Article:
What Day Traders Can Learn From Sesame Street

I wake up at 7:00am in the morning, and I rarely expect to learn a new lesson in day trading before heading to the office. This morning, however, was different. I often join my kids in the living room watching Sesame Street, and, today, while sitting on the couch with my coffee trying to wake up, I was greeted with a bit of wisdom that all day traders should keep in mind: a lesson about the value of practice and persistence.On the show, a young boy was trying to learn how to skate, but after 2-3 faltering strides, he falls down. Instead of crying or giving up, the boy maintains a positive attitude and says, "Practicing tomorrow I'll be better than today." The next day, he manages to take 3-4 strides before falling down, saying once again: "Practicing tomorrow I'll be better than today." The boy practices every day, and each day he manages to take a few more steps. Finally, one day he stays on his feet the enter time, and even shows off a bit, proving that he can skate like a seasoned professional. At the end of this small episode, he looks in the camera and tells my children and me: "See? Don't give up too easily. There are some things you need to practice before you can do them. Practice every day and you will get better every day."While the simplicity of this lesson suggests that it is only for children, too many day traders prove through their actions that they need to hear it as well. Many traders, and not just beginners, give up too easily. They start trading, but after only a few losses in a row, they give up, looking for another strategy. They fall for the old paradigm which says that "If you don't make money immediately, change the strategy." As I’ve said many times before, if you don’t give your trading strategy enough time to work, you won’t know whether the problem is in the strategy itself, in a market slump, or simply bad luck. The key to successful day trading is in maintaining a consistent plan, and abandoning a plan too quickly will never teach you anything. You won’t know whether the plan is really designed for the long rather than the short term, whether the problem was in your entry or exit strategy, or any other details that can help you revise how you trade.The child who continued to practice skating never quit after only a few tries. He never thought that he couldn’t skate simply because he didn’t immediately master the skill. Rather, he knew that he would have to fail a number of times before he could recognize and adjust what he was doing wrong.Traders who find themselves giving up on their strategies very quickly, or who are constantly changing strategies looking for one that works on the first or second try, need to remember this young boy. He should remind us of two things that, as day traders, we should never forget:1. Practice! Don't jump with both feet into the water. Backtest your strategies. Practice on a paper trading account. Start small and trade with one contract first. The boy would never have succeeded if he tried to skate like a champion on his first try.2. Don't give up too easily!Losses are part of our business. Don't expect to make millions in your first week of trading. "Practicing tomorrow I will be better than today." Learn from your successes and learn from your mistakes, and pledge to become a better trader every day. The boy knew that a failure today could turn into more success tomorrow, and he reminded himself of that each time he had a setback.Sesame Street may not offer you the most timely stock tips, but it can definitely teach you how not to sabotage yourself and your strategies by abandoning them too early or expecting success too quickly.--Markus Heitkoetter is the author of the international bestseller "The Complete Guide To Day Trading" and a professional day trading coach. For more free information on day trading visit his website http://www.rockwelltrading.comSource: http://www.articletrader.com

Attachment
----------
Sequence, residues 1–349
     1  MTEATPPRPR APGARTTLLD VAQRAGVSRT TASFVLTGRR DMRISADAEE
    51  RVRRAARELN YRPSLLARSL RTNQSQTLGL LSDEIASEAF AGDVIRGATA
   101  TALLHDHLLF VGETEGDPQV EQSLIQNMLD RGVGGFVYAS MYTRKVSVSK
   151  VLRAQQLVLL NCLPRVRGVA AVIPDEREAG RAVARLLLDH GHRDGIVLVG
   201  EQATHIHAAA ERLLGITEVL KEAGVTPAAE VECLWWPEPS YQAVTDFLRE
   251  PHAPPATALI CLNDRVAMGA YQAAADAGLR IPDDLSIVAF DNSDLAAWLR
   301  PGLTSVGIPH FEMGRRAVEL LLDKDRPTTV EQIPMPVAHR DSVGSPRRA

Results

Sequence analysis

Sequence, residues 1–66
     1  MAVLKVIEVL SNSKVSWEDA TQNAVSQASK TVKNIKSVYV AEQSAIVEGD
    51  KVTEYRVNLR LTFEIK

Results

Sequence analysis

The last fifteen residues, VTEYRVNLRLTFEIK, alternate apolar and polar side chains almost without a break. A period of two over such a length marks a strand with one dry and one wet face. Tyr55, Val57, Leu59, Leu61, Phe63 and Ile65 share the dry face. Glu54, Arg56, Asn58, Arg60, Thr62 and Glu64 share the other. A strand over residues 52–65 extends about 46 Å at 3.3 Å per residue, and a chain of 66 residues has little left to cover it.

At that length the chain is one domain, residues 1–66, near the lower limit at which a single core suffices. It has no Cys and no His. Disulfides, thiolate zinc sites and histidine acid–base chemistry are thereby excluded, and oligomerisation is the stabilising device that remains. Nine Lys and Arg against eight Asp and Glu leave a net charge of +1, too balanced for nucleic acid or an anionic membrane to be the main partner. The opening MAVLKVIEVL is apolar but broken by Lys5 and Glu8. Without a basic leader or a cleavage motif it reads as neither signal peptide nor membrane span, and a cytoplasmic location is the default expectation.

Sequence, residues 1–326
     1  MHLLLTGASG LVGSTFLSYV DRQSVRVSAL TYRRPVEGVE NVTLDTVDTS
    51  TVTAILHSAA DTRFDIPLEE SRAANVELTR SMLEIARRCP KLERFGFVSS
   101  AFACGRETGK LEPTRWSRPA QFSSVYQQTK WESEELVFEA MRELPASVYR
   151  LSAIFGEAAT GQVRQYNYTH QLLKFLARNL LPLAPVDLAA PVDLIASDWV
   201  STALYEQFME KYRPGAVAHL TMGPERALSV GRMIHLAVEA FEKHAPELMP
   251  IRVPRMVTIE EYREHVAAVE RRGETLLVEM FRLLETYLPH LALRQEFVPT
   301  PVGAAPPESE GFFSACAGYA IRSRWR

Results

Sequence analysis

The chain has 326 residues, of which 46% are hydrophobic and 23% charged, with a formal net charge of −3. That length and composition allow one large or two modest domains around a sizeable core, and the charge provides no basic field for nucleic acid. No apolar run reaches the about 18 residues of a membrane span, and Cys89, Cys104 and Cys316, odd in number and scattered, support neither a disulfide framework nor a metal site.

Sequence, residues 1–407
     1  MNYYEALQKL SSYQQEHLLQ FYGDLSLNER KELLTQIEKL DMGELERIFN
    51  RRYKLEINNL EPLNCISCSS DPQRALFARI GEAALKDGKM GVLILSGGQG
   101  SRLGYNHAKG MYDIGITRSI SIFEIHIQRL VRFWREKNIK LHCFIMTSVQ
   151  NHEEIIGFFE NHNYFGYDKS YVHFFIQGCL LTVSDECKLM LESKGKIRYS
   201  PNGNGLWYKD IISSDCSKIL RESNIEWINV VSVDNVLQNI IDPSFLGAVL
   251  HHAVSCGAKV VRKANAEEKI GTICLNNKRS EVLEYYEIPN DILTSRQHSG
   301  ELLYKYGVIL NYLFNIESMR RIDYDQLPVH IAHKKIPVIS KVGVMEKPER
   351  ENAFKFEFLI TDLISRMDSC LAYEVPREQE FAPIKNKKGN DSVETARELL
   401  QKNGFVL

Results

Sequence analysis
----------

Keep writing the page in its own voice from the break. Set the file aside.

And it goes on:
Related Posts :

No comments:

Post a Comment